This year, from 1 to 7 of May we bring awareness to maternal mental health, a vitally important subject that is quickly forgotten by community and birthing professionals.
I myself have suffered from postpartum anxiety, due to a traumatic birth experience. I have often spoken openly about my experience, with the hope of breaking the ice about it and getting the conversation going. It is not an easy one to have, but the more we talk about it, the easier it gets to share our experiences and resonate the one with the other. Mental health for mothers is completely stigmatized, as we have to be the perfect caregivers and be completely in love with our new motherhood. If we do not fit into this picture, we are quickly marked as “bad mothers”. This is so dangerous, as it makes us scared even to mention our worries, anxieties, or even unhappiness.
1 in every 5 new mothers will experience either postpartum anxiety or depression, and 25% of women experience mental illness during pregnancy. These are big numbers and we should really start talking about it more openly.
“The lack of detection, monitoring, and treatment has long-term consequences for the health of the mother, but also for the health of the baby and the rest of his family. That is why it is essential that all women, regardless of their background, age or income level, have access to quality perinatal mental health services.” – Salud mental perinatal.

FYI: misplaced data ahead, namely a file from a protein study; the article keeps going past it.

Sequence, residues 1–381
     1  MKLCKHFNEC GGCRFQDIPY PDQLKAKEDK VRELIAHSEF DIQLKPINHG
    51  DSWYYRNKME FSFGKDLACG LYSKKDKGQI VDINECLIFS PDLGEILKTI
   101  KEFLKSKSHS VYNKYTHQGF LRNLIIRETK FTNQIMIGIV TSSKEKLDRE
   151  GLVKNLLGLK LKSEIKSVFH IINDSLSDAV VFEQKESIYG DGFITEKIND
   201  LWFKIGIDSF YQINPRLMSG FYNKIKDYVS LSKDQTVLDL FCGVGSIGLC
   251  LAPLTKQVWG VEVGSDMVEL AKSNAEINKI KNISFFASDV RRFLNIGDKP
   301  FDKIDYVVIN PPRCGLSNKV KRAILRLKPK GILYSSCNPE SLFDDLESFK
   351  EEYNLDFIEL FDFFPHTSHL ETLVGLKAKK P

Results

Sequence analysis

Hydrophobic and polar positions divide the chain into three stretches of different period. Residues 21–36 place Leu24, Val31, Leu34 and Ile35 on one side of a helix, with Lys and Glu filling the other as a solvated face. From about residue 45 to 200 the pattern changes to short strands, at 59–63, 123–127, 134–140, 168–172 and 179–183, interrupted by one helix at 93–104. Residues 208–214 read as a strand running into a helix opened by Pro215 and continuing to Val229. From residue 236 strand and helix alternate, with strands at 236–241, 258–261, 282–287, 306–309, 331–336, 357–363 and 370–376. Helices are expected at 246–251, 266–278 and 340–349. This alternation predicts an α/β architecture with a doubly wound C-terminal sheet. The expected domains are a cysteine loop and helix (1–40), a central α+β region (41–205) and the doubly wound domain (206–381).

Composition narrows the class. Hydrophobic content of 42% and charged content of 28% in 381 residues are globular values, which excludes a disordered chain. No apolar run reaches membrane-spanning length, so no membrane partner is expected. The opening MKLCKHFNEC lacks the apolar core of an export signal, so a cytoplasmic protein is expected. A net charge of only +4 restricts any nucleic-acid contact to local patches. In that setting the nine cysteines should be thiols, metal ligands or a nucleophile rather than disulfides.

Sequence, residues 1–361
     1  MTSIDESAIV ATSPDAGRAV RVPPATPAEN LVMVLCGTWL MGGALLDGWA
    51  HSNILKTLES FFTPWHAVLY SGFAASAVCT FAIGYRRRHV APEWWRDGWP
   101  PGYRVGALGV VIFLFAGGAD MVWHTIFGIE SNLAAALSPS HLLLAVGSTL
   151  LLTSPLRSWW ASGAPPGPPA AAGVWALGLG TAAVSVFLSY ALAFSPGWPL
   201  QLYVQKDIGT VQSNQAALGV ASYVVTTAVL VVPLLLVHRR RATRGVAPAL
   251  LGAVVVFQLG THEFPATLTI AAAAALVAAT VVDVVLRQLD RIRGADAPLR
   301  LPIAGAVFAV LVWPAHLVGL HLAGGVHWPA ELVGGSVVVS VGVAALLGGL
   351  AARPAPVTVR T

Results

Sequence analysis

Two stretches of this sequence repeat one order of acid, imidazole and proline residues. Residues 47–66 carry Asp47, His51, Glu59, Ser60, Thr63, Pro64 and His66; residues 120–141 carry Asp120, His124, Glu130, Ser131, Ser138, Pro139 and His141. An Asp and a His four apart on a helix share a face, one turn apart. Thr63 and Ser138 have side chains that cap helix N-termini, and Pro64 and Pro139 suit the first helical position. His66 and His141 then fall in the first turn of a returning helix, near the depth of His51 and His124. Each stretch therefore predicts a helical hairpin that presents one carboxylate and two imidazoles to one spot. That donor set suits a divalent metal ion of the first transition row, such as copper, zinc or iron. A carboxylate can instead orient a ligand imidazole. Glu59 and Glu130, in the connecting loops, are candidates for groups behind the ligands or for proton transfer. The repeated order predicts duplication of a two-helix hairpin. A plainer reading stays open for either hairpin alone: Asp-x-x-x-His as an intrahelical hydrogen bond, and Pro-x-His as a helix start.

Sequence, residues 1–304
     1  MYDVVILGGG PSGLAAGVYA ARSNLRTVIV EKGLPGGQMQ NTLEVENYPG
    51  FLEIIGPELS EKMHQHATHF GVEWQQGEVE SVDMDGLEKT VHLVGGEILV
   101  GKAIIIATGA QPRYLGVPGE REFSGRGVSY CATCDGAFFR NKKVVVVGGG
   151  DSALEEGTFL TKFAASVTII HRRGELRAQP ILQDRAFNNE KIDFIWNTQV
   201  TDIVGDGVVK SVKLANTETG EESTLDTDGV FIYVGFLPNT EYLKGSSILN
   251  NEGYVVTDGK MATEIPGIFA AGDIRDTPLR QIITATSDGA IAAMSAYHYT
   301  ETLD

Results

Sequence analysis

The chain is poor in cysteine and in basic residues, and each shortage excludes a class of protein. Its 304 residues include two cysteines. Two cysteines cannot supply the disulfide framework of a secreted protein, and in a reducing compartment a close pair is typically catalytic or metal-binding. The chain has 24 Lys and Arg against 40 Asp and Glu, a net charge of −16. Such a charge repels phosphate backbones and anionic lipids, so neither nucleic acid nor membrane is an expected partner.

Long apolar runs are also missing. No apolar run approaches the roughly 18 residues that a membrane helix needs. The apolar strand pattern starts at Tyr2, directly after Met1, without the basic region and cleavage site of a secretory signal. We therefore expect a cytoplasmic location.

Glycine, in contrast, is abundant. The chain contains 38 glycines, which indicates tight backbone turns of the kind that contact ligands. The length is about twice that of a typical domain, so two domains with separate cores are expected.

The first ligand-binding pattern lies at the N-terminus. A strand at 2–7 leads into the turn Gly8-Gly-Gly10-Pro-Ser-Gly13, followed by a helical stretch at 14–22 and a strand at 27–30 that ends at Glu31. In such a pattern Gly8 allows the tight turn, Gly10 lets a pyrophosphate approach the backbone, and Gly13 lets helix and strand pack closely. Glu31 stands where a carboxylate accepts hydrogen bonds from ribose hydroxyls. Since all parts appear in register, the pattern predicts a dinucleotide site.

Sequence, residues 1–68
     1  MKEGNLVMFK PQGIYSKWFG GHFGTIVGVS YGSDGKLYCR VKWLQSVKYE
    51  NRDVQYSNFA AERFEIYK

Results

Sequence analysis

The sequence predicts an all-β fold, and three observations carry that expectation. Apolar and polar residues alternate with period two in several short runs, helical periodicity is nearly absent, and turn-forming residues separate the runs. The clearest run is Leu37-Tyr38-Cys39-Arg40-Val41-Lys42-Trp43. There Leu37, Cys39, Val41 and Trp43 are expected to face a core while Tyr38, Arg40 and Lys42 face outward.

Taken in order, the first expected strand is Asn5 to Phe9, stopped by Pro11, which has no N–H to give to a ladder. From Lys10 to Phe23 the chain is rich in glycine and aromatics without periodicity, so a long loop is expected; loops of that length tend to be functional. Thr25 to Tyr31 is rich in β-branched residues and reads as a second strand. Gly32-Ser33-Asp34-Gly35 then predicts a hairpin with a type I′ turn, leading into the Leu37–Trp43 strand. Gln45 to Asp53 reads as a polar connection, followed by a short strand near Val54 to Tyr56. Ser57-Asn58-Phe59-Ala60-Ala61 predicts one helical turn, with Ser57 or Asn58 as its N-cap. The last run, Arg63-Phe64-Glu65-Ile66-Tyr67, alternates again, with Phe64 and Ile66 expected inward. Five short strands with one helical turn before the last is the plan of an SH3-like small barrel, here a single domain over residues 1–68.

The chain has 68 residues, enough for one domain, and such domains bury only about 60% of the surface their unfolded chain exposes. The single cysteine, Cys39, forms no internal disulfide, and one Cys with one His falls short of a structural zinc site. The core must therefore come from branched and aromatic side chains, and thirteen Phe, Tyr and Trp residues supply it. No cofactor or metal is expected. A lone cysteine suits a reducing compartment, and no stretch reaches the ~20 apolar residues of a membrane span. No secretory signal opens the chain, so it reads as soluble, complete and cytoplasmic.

Psychology doctor Sharon Dekel of Massachusetts General Hospital and Harvard Medical School is leading a study on the link between mode of delivery and post-traumatic stress disorder. They conclude that the experience and the type of delivery are directly related to the mental state of the mother in the puerperium. Women who have received obstetric interventions during childbirth, such as cesarean section or instrumentalized vaginal delivery, develop greater psychological distress. In addition, going through a cesarean section increases a woman’s vulnerability to psychiatric problems.
Another study conducted by 4 Spanish nurses concludes that women who suffer verbal obstetric violence are at greater risk of developing postpartum depression. OV is a major risk factor for perinatal mental health. Infantilization, ridicule, being a mere spectator and not having the main role in your own birth. All of this plays a very important role and all health workers present at deliveries and births should be made aware immediately.